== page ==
The History Of The Ferris Wheels
Ferris Wheels are rotating upright wheels made up of passage carrying components called passenger cabins attached to the rim in such a way that the passengers are kept upright as the wheel turns. Some of the modern Ferris Wheels have cars attached to them instead of passenger cabin with an electric motor which rotates each car while keeping it in the upright position. Ferris Wheels were invented in the 17th century in Bulgaria as passenger wheel when passengers rode while seated on a chair. Ferris Wheels were designed and constructed by George Washington Gale Ferris Jr in 1893. The Ferris Wheels have undergone through years of further modification and in 2014, the world’s tallest Ferris wheel was opened to the public in Les Vegas, Nevada US. Ferris Wheels offer height and speed adventure to the tourists and locals around the world. Some of the tallest Ferris Wheels in the world include;
High Roller is the tallest Ferris wheel in the world with the height of 550ft (167.6m) and 520ft in diameter. High Roller was opened to the public in 2014 and is situated on the Les Vegas Strip, Nevada US. The wheel rotates on spherical roller bearing weighing 8800kg. The passenger cabins are mounted on the wheels and are individually rotated. Each cabin weighs 20000kgs with a diameter of 6.7m. Initially, the ride was to cost $20 but the ticketing prices have increased to $30 as at 2013. In 2014, a 30 minutes ride cost $24.95 during the day and $34.95 during the night. An express pass ticket cost $54.95 and allows the rider to skip the line and ride at any time.
Until 2014, Singapore Flyer was the world’s tallest Ferris wheel in the world. However, the 541ft (165m) tall Ferris wheel is currently the second tallest after High Roller. It took 30 months to construct Singapore Flyer in Singapore. The Flyer is constructed on an area of 16000 square meters and designed to accommodate 7.3 million passengers in a year. Singapore Flyer has 28 air conditioned capsules mounted on the rim and provides an unobstructed view. The Flyer was opened to the public in 2008 when tickets sold for US$ 6271. Singapore Flyer has been a significant symbol for the Chinese cultural events with the tickets selling out during such events.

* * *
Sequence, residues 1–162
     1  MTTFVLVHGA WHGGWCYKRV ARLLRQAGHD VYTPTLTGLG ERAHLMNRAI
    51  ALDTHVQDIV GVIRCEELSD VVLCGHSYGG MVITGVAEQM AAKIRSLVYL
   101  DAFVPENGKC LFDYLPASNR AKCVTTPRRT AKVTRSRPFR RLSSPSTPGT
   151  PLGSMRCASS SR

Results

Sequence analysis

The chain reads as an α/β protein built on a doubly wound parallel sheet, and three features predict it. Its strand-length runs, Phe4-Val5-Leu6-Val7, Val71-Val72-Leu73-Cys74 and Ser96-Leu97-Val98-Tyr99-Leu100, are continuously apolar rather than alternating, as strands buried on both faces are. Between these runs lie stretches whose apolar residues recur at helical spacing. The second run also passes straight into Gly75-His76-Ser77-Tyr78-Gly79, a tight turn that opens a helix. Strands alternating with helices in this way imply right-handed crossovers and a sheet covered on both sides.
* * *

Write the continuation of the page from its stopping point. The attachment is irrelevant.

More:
Where is the Tallest Ferris Wheel in the World?
The High Roller is the tallest Ferris Wheel in the world with the height of 550 ft (167.6m). The High Roller was opened to the public in 2014 and is situated on the Las Vegas Strip, Nevada, USA.
Star of Nanchang
Star of Nanchang in Nanchang, China, is 160m tall and was opened in 2006. This Ferris wheel has 60 enclosed air-conditioned gondolas carrying a total of 480 passengers when full. One rotation takes an average of 30 minutes while a passenger can embark or disembark without the wheel necessarily stopping
Ferris Wheels Of The Future
The demand for Ferris Wheels adventure has seen some of the cities upgrade their existing Ferris Wheels or construct one. Navy Pier Ferris Wheel in Branson, Chicago opened its door in May 2016 and is 196 ft tall. Dubai Eye Ferris Wheel which will be 210 meters and the worlds' largest has been approved for construction in Dubai. The Ferris will cost $1.6 billion to be constructed. New York Ferris Wheel is also expected to be one of the tallest in the world once completed. The wheel that is being constructed in St George will be 630 ft tall.
The Tallest Ferris Wheels In The World
|Rank||Height m (ft)||Location||Country|
|1||High Roller||167.6 (550)||Las Vegas, Nevada||US|
|2||Singapore Flyer||165 (541)||Marina Centre, Downtown Core||Singapore|
|3||Star of Nanchang||160 (525)||Nanchang, Jiangxi||China|
|4||London Eye||135 (443)||South Bank, Lambeth, London||UK|
|5||Redhorse Osaka Wheel||123 (404)||Expocity, Suita, Osaka||Japan|
|6||Orlando Eye||122 (400)||Orlando, Florida||US|
|7||Sky Dream Fukuoka||120 (394)||Evergreen Marinoa, Fukuoka, Kyūshū||Japan|
|8||Zhengzhou Ferris Wheel||120 (394)||Century Amusement Park, Henan||China|
|9||Changsha Ferris Wheel||120 (394)||Changsha, Hunan||China|
|10||Melbourne Star||120 (394)||Docklands, Melbourne||Australia|
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